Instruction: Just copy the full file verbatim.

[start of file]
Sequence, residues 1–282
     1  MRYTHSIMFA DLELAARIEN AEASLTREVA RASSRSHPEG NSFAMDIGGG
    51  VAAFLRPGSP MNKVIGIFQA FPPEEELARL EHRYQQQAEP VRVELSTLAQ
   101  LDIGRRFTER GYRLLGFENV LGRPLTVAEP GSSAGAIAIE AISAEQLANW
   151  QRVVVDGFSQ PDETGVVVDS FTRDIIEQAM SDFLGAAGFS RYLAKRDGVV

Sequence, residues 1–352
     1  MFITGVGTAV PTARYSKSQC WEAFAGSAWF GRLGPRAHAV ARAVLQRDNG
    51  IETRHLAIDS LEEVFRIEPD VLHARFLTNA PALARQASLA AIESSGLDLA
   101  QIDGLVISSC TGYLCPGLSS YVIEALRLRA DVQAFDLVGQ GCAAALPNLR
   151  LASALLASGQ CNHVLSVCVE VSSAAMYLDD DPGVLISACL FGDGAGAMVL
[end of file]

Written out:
Sequence, residues 1–282
     1  MRYTHSIMFA DLELAARIEN AEASLTREVA RASSRSHPEG NSFAMDIGGG
    51  VAAFLRPGSP MNKVIGIFQA FPPEEELARL EHRYQQQAEP VRVELSTLAQ
   101  LDIGRRFTER GYRLLGFENV LGRPLTVAEP GSSAGAIAIE AISAEQLANW
   151  QRVVVDGFSQ PDETGVVVDS FTRDIIEQAM SDFLGAAGFS RYLAKRDGVV

Sequence, residues 1–352
     1  MFITGVGTAV PTARYSKSQC WEAFAGSAWF GRLGPRAHAV ARAVLQRDNG
    51  IETRHLAIDS LEEVFRIEPD VLHARFLTNA PALARQASLA AIESSGLDLA
   101  QIDGLVISSC TGYLCPGLSS YVIEALRLRA DVQAFDLVGQ GCAAALPNLR
   151  LASALLASGQ CNHVLSVCVE VSSAAMYLDD DPGVLISACL FGDGAGAMVL